NO LONGER A ROOKIE, ASHLEY A CONTENDER Force's Daughter Looking for a Win at Gators GAINESVILLE, Fla. -- Despite the disappointment of not qualifying last month at Phoenix, Ariz., 2007 NHRA Rookie-of-the-Year Ashley Force remains upbeat about...
NO LONGER A ROOKIE,
ASHLEY A CONTENDER
Force's Daughter Looking for a Win at Gators
GAINESVILLE, Fla. -- Despite the disappointment of not qualifying last month at Phoenix, Ariz., 2007 NHRA Rookie-of-the-Year Ashley Force remains upbeat about her chances this week in a race certain to create an emotional drain not only on her, but on her John Force Racing teammates.
It was at Gainesville Raceway just one day after the conclusion of last year's ACDelco Gatornationals that rising star Eric Medlen suffered injuries that four days later would claim his life.
The 25-year-old daughter of drag racing champion John Force, Ashley had known Medlen since 1996 when he had begun working as a mechanic on her father's Funny Cars.
They were friends, closer to being family, when Medlen became the first Funny Car driver in 35 years to lose his life in an accident.
Just 33 at the time, he was on his way to becoming the first Funny Car driver to win 100 racing rounds in his first four pro seasons (95-66) when a tire blew for reasons as yet undetermined. That created a harmonic imbalance that literally shook the car apart before it hit the guardwall.
Medlen, who had lived with the elder Force for three years in his California condo, was someone with whom Ashley could talk during the difficult transition from driving an A/Fuel dragster to controlling the Castrol GTX0x00ae High Mileage0x2122 Ford Mustang in which last year she became the first woman ever to reach an NHRA Funny Car final round.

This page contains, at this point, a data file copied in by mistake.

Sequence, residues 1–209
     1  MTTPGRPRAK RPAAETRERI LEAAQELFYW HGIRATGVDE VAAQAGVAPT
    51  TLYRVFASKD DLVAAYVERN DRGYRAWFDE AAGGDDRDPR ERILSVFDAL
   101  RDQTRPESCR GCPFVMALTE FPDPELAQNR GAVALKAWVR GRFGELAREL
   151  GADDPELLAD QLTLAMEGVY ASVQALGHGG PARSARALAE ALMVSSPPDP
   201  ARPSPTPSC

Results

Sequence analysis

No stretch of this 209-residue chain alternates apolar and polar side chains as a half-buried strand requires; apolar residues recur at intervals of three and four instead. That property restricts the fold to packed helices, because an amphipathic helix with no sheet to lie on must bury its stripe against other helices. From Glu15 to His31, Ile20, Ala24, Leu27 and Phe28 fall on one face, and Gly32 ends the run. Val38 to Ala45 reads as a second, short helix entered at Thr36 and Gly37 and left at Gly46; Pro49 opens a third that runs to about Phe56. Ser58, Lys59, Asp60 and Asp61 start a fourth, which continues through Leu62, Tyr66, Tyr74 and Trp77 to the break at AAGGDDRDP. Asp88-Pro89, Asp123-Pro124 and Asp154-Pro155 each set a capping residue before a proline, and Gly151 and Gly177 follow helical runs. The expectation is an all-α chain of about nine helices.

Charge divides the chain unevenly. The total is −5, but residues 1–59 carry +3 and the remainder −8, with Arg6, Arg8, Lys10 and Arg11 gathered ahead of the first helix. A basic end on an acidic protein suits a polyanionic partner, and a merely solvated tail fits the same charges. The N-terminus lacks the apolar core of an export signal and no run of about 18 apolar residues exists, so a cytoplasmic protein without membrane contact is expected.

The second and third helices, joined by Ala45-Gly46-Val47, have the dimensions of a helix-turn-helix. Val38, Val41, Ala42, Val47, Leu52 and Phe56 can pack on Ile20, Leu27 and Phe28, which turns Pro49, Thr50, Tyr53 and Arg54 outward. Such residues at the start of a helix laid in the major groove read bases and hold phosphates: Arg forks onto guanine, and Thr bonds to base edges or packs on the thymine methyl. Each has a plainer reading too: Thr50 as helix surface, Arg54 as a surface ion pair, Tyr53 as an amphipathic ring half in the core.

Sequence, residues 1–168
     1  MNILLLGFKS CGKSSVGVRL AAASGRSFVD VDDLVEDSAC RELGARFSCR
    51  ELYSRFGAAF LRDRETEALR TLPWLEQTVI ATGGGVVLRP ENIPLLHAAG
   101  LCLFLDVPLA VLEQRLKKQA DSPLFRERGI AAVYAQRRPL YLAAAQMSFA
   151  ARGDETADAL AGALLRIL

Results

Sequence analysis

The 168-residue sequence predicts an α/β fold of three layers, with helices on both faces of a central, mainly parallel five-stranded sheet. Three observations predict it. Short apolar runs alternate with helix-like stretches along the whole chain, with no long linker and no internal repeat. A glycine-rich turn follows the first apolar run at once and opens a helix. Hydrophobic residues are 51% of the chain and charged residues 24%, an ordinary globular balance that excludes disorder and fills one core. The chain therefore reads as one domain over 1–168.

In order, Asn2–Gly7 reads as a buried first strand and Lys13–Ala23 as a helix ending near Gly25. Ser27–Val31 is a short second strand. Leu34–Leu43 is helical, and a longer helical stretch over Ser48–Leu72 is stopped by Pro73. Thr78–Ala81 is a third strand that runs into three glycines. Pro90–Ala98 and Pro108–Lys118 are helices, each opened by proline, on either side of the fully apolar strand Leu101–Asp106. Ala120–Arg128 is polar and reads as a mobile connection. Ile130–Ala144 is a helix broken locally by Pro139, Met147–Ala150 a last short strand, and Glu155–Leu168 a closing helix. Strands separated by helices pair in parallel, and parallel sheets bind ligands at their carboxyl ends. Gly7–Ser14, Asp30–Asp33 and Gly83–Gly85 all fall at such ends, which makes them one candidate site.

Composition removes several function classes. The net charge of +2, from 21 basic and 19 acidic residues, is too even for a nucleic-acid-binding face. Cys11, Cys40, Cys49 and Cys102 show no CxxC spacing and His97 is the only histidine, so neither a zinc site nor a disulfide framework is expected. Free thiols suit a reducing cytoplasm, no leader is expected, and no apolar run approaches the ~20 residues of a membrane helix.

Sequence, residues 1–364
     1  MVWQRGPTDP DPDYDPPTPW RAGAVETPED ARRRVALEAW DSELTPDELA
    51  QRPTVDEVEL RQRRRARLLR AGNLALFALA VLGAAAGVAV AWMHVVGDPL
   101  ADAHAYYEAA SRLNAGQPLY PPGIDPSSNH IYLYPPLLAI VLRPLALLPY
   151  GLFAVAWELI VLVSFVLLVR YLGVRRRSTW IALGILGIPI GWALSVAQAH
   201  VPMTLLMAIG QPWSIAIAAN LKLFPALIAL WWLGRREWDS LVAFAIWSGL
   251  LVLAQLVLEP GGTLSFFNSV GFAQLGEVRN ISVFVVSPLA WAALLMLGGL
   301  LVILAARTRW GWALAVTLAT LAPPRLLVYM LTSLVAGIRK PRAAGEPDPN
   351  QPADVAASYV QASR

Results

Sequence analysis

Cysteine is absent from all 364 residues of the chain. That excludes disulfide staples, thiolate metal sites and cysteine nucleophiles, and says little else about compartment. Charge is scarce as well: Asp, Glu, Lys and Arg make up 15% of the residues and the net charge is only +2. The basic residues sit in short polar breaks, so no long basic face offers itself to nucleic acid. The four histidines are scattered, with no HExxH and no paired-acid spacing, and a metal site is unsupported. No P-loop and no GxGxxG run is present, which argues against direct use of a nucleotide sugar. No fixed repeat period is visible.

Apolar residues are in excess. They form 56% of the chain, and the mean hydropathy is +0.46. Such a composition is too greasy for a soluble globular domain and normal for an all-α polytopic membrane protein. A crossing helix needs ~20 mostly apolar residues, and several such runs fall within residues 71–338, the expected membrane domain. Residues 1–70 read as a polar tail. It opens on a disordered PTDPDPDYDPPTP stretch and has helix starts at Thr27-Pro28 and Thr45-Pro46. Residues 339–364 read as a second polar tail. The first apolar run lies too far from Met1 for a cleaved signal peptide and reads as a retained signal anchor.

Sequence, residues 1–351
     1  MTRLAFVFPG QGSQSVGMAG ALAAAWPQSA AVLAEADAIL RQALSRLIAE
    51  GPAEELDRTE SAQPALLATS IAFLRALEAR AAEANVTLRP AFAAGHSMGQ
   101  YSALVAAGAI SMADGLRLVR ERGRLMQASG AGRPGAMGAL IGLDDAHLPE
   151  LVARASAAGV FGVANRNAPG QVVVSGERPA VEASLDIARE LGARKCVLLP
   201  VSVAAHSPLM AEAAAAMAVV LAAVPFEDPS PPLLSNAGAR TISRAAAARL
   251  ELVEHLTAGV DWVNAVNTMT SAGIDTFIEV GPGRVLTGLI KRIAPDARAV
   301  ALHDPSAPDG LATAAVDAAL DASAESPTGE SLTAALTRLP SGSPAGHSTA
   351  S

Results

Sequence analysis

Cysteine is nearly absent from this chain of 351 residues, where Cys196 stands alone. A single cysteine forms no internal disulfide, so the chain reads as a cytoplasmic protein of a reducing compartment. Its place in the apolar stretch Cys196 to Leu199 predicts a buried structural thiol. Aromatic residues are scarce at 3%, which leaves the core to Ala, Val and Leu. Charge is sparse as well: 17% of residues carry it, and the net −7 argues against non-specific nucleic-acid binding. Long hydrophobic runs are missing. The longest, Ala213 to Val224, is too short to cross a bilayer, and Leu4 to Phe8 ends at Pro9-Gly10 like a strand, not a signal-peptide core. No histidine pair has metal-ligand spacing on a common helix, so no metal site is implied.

"I'm not nervous (about returning to Gainesville Raceway)," Ashley said, "but we all know what happened there last year and I think it will be different from all the otherraces because we will have that on our mind.
"We're all going to be racing for Eric and his dad, John Medlen, who's been such an inspiration to our team," Ashley said. "We've had some success before (at Gainesville) so we feel good about our chances. We won our first pro round there last year and I won (the Gatornationals championship) with the A/Fuel car in 2006.
"I think we've gotten things pretty figured out from the runs that we've made (this year)," she said, "and I've been learning to pedal (feather the throttle) on my end. At Pomona (Calif., where she reached the semifinals in the season-opening CARQUEST Winternationals) was the first time I ever won a round on my pedaling.' Dad's the best at it, but I'm learning and hopefully it will pay off this week."
"When I 'pedaled' in the (dragster), it just hooked right up and went," she said. "That's not the case with these Funny Cars. It definitely takes more finesse. I'm still working on that, learning that you need to take the time to let the tires settle down (before you get back on the throttle). That's what I was able to do at Pomona but, at the same time, you don't want to wait too long. It's something that you've got to learn from experience; that you have to get a feel for.
"I've also learned a lot about how different this car is to drive (from) the one we had last year," she said, referring to the complete redesign of all four JFR team cars in the aftermath of her dad's crash last September in Dallas Medlen's accident at Gainesville. Overall, though, I feel much safer in this car."
A five-time Top Alcohol Dragster winner, Ashley not only is trying to become the first woman to win a tour event in the Funny Car division, she also is trying to become the first to start a race from the No. 1 qualifying position. She was the No. 2 qualifier three times in 2007, twice losing the No. 1 spot to brother-in-law Robert Hight, the Gainesville Raceway track record holder.